The "click of death", in hard drives, isn't a single specific problem. It's a symptom which is often displayed by a failed hard drive -- the "click" is the sound of the drive resetting the heads after it fails to read data from the disk. This can be for any number of reasons: it can happen if the heads or the amplifier circuitry on the arm are damaged, if the receiver on the logic board is not working properly, if the disk is missing calibration data, if the drive is not spinning at the right speed, if the drive is failing to read its firmware from the disk... it can really be the result of almost any fault.

Do not try to transplant heads between drives. This was sometimes possible in the past, but tolerances in modern hardware have shrunk to the point that it's no longer possible to remove and replace the heads by hand. You will damage the heads, and the surface of the disk, if you attempt to do so.

If you believe that the mechanical components of your hard drive have been damaged, and you want to recover the drive's contents, contact a professional drive recovery service. Anything you do will only make the damage worse, and may render it unrecoverable even by a professional.

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    With the right tools (like plastic spacers to lock the heads) it is possible to do this by hand, however without experience the first 21 attempts will fail, and of course something at least resembling a cleanroom will be necessary. There are a couple of videos on youtube where people successfully transplant heads and/or platters, but since they have experience, it looks much easier than it is. – PlasmaHH May 21 '17 at 21:40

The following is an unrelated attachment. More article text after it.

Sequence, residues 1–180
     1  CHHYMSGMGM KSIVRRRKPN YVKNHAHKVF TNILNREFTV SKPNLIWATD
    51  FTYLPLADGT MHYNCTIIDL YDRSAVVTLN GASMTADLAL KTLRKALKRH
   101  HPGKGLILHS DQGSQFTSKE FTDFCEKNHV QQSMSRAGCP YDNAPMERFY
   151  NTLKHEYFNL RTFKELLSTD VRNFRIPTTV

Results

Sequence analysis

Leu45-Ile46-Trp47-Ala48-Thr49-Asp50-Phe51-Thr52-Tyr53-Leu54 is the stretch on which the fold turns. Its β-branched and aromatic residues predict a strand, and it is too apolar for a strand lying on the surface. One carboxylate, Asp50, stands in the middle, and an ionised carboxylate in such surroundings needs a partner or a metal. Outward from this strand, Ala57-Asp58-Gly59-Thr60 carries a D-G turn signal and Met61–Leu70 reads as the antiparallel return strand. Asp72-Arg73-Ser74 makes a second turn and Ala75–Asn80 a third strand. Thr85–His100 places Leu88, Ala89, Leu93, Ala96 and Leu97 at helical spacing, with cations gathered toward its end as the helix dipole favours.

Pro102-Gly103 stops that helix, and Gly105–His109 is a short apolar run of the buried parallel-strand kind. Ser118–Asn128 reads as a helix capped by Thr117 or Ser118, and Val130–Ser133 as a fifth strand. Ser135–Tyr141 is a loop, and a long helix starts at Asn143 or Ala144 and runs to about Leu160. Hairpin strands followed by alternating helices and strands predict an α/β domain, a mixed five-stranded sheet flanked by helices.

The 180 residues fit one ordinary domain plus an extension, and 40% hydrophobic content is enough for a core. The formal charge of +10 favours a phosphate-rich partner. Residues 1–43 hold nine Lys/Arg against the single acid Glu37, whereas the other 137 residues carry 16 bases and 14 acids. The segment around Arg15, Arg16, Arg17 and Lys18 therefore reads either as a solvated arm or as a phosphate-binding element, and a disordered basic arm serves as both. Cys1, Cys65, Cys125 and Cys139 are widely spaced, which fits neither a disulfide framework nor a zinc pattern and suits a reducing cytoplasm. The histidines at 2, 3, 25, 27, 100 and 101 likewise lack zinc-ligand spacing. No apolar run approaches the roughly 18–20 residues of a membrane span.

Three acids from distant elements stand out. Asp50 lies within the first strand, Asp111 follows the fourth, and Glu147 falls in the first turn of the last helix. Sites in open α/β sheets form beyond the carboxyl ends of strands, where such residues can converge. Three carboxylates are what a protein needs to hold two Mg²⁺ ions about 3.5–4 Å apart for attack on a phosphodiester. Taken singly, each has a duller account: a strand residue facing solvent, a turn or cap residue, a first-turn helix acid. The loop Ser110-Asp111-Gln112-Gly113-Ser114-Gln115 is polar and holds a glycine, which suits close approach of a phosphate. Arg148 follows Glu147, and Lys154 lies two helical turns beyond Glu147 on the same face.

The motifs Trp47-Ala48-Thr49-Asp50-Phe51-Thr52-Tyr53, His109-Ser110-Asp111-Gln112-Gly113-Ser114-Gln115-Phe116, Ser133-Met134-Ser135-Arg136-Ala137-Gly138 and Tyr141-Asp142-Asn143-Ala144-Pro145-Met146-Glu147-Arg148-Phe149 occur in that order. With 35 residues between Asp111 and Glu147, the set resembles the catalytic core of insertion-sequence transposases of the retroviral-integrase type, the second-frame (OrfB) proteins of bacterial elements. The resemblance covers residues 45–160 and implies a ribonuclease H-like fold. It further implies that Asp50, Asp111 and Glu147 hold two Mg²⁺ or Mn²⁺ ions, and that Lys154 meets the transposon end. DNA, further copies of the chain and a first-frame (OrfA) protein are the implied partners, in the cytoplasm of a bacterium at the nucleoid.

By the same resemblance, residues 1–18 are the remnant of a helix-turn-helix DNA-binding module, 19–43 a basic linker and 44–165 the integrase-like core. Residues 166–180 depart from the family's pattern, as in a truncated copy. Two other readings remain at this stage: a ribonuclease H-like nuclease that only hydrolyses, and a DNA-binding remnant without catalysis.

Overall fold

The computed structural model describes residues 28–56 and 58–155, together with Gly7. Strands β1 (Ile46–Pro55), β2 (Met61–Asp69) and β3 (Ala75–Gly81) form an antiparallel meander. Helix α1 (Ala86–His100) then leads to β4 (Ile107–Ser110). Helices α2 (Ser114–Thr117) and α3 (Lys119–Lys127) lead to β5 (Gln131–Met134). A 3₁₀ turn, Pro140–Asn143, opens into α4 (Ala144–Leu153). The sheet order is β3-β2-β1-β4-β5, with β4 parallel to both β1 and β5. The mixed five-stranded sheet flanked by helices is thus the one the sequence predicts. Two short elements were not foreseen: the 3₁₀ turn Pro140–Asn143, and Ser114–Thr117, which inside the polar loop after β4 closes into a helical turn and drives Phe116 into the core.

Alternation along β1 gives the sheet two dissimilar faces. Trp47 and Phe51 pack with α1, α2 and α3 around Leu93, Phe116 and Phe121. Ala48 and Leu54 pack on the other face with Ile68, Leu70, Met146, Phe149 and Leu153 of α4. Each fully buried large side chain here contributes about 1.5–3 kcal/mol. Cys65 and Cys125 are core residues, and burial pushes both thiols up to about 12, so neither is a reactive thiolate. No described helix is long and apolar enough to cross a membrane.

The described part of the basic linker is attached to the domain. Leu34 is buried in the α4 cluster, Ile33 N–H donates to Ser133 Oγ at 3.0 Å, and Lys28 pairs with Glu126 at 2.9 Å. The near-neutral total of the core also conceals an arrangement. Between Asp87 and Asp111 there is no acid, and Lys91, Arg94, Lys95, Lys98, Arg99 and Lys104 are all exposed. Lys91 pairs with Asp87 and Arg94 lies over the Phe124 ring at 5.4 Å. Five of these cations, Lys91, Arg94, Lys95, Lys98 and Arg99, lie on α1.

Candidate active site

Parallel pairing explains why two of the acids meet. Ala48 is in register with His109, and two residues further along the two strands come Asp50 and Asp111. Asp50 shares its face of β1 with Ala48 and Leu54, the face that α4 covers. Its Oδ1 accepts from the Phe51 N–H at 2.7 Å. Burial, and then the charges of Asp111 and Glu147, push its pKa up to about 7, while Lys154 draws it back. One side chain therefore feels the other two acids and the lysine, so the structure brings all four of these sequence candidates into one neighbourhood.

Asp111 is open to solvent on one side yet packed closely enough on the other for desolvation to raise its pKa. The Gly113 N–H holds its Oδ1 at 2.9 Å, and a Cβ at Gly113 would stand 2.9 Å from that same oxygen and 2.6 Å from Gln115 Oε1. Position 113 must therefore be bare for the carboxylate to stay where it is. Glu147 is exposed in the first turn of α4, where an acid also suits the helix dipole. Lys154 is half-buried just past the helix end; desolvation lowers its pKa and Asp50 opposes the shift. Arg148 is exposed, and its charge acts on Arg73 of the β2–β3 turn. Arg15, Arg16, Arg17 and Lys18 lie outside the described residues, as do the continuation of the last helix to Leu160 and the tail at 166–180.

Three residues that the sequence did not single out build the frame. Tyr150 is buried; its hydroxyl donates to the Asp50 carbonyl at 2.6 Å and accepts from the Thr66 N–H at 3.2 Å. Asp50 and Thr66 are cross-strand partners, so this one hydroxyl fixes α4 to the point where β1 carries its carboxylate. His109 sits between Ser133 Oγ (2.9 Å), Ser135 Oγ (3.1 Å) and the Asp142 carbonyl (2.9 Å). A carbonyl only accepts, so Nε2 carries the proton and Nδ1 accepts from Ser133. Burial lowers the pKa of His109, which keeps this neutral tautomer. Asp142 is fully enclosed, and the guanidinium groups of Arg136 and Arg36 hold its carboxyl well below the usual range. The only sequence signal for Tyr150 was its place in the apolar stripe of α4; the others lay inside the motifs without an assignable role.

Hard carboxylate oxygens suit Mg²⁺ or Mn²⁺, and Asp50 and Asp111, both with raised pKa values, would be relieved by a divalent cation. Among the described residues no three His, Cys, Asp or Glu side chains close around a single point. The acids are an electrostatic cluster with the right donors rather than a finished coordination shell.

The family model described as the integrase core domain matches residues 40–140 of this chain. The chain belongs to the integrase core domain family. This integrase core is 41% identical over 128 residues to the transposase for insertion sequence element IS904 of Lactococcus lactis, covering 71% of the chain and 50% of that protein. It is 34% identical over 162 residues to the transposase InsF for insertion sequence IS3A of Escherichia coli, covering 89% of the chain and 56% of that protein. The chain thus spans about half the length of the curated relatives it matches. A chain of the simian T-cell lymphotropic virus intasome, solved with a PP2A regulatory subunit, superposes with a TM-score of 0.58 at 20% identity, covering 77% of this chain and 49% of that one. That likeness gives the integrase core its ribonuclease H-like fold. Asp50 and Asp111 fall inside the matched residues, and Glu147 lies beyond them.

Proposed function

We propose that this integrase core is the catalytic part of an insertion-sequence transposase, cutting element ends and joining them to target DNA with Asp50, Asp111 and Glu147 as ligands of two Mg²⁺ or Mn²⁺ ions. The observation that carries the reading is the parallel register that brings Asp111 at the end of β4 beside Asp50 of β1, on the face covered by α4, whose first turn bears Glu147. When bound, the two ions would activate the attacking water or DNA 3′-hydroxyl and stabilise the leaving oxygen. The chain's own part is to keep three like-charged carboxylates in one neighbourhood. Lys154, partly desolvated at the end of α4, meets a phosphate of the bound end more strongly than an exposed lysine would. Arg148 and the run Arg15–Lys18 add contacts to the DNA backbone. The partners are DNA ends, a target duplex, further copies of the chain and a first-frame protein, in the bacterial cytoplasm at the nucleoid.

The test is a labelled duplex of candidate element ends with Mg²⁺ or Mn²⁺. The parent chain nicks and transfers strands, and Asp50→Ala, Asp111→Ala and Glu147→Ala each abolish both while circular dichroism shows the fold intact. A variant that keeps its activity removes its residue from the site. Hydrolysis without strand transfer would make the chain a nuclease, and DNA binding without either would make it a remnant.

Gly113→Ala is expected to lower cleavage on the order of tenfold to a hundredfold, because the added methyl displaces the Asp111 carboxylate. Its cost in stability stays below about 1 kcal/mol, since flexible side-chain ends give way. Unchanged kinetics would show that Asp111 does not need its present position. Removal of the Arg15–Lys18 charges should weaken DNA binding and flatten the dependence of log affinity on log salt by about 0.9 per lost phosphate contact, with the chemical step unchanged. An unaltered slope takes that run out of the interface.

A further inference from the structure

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    And of course there are absolutely NO "fake videos" of ANYTHING on YouTube - everybody knows that! :) – alephzero May 21 '17 at 22:46
  • To what extent have tolerances shrunk, and to what extent have closed-loop servo systems improved so as to render tolerances that used to be critical, irrelevant? By my understanding, track spacings have narrowed to the point that it would be extremely expensive to ensure that the "wobble" of the disk could never exceed a quarter track, but head-control systems can continuously adjust the position of the head even in the presence of wobble. – supercat May 22 '17 at 5:04
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    @supercat As far as I know, the servo controls in the drive only deal with "horizontal" track positioning. The "vertical" aspect -- head flying height -- is primarily managed through passive aerodynamics. – duskwuff -inactive- May 22 '17 at 5:29
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    @duskwuff: True, flying height is controlled through mechanics rather than electronics, but by my understanding it's designed to self-regulate to a tolerance finer than that of the head's mounting. In older hard drives, if the head came disconnected from the stepper motor it could be very hard to achieve the same mounting with enough accuracy to make the disk readable, but on modern drives the use of embedded alignment information recorded on the disk makes that a non-issue. – supercat May 22 '17 at 5:37